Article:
arrow-structure syntax and semantics
RE01 Rice Brian T. EM2
Mon, 7 Dec 1998 15:58:13 +0800
> > Just some corrections to my original post (which I hardly proof-read) as
> > well as some more thoughts on the subject:
Okay, I know that I'm running ahead of everybody here at this point by not
waiting for responses, but I'm getting all sorts of ideas consecutively. I
promise to answer questions as soon as you bring them up, though.
> Here's a declarational paradigm for arrows: to make statements, we can use
> the axiomatic paradigm to explicitly encode context, and some sort of
> relational structure can describe to the system that the context applies
> such-and-such structure. However, to construct contexts 'from the ground
> up' seems to need some fleshing out in our minds (or at least in my mind).
> We're going to take the traditional language paradigm and 'factor out'
> syntax and such. Proofs, for instance, should simply consist of inference
> diagrams, instead of statement sequences with annotations showing the
> numbers' and names of principles (theorems and axioms) used to generate
> statement in that line. Instead, a directed (I remembered to say it this
> time) arrow graph could use arrows as dependency relations and nodes as
> statement containers. The nodes would in turn have arrows pointing to
> structures of the statements, not with symbols, but direct links to the
> actual somethings (can someone find a better word?). The idea here is a
> dataflow graph in a quite abstract form. Obviously, there are four
> arrow-structure worlds(?) here: the dependency graph, the mapping from the
> nodes in that graph to the syntax(?) structures, the syntax structures
> themselves, and the data-flow graph.
-'dependency graph' was supposed to be 'inference graph' (proof
-'syntax structures' for now are 'syntax trees' (binary, we'll
-the mapping is generic, and so I don't think a new name will help
-'data-flow graph' could be better explained as 'symbol flow graph'
(or structure flow graph). the point is that the arrow-structure in
question migrates to the location where it is used, instead of having a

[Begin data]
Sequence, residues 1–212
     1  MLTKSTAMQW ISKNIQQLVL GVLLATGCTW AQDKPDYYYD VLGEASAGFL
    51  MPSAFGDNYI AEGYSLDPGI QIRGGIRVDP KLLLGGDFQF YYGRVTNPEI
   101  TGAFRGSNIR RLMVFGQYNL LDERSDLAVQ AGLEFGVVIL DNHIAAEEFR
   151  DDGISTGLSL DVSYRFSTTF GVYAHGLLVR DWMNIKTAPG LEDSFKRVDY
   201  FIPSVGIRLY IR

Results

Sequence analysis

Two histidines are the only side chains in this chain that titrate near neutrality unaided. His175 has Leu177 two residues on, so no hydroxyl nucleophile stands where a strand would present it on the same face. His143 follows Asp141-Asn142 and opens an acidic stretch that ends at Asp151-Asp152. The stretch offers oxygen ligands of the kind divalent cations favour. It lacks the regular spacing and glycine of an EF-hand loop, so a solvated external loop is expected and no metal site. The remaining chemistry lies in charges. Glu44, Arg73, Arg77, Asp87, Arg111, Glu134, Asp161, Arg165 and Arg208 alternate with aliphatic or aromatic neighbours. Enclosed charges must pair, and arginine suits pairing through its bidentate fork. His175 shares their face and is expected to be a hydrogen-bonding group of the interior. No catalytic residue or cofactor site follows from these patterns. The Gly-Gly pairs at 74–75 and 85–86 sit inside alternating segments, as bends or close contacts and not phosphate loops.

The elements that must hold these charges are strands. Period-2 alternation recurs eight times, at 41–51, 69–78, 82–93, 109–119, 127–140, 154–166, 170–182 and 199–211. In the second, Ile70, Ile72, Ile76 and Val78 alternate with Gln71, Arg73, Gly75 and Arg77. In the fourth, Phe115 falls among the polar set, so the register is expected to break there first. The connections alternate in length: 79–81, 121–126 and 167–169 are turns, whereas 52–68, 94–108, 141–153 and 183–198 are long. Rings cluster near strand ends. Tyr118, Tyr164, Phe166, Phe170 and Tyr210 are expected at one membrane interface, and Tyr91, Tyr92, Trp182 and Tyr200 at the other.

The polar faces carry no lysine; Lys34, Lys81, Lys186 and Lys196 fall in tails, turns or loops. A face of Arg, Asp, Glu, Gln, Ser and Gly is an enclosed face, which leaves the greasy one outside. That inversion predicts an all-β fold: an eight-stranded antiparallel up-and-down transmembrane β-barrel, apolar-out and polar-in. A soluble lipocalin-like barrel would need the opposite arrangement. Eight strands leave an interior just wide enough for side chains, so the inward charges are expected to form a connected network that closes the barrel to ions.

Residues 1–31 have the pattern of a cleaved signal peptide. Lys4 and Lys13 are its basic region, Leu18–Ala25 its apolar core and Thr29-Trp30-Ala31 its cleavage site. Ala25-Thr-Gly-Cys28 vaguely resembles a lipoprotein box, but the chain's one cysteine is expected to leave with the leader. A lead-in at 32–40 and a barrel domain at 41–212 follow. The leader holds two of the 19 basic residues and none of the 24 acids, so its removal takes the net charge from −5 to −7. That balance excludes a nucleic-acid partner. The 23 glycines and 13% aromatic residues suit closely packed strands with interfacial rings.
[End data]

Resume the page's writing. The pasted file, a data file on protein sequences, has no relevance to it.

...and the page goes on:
representation. maybe this concept won't work.
Now, more thoughts:
This 'arrow worlds' idea brings up something that I'd been thinking
about earlier. There are obviously arrows that belong to a sort of
component language, arrows that speak of the relationship between lots of
objects according to one relation (the kind from formal logic). In the
above example, the dependency graph is an obvious abstraction of a proof
structure with the objects (nodes) being statements in the language, and
relations (arrows) being the direct dependency relation which together form
a mini-language, along with, say, logical operators like "and", "or",
"implies", and "not" or "false". Then, you obviously have the separate
structures attached to the nodes, which linguistically have no common
relations, describing the syntax of the statement, not the statement itself.
So, that mini-language's relation is some sort of operator-application
relation, and the nodes of that graph point to the symbols used. I could
continue with the other parts, but they seem un-interesting to the argument.
The point is that we have here arrow structures which, without annotation
from the rest of the system, have no intrinsic meaning, so that identical
graphs from both mini-languages are essentially the same structures. What
is needed is a way of annotating these groups of arrows with information
about their semantic content. (ASIDE. Before you continue with this
thought process, I'm going to draw a potentially useful metaphor to unify
terminology here. These "mini-languages", as I've been calling them, are
nothing more then abstract versions of the "aspect languages" that I was
ranting about last month. ("Ah-Ha!!" says the croud, "He closes a loop!")
So, now I'll just call them "aspect languages".)
I'll leave you with that to chew on.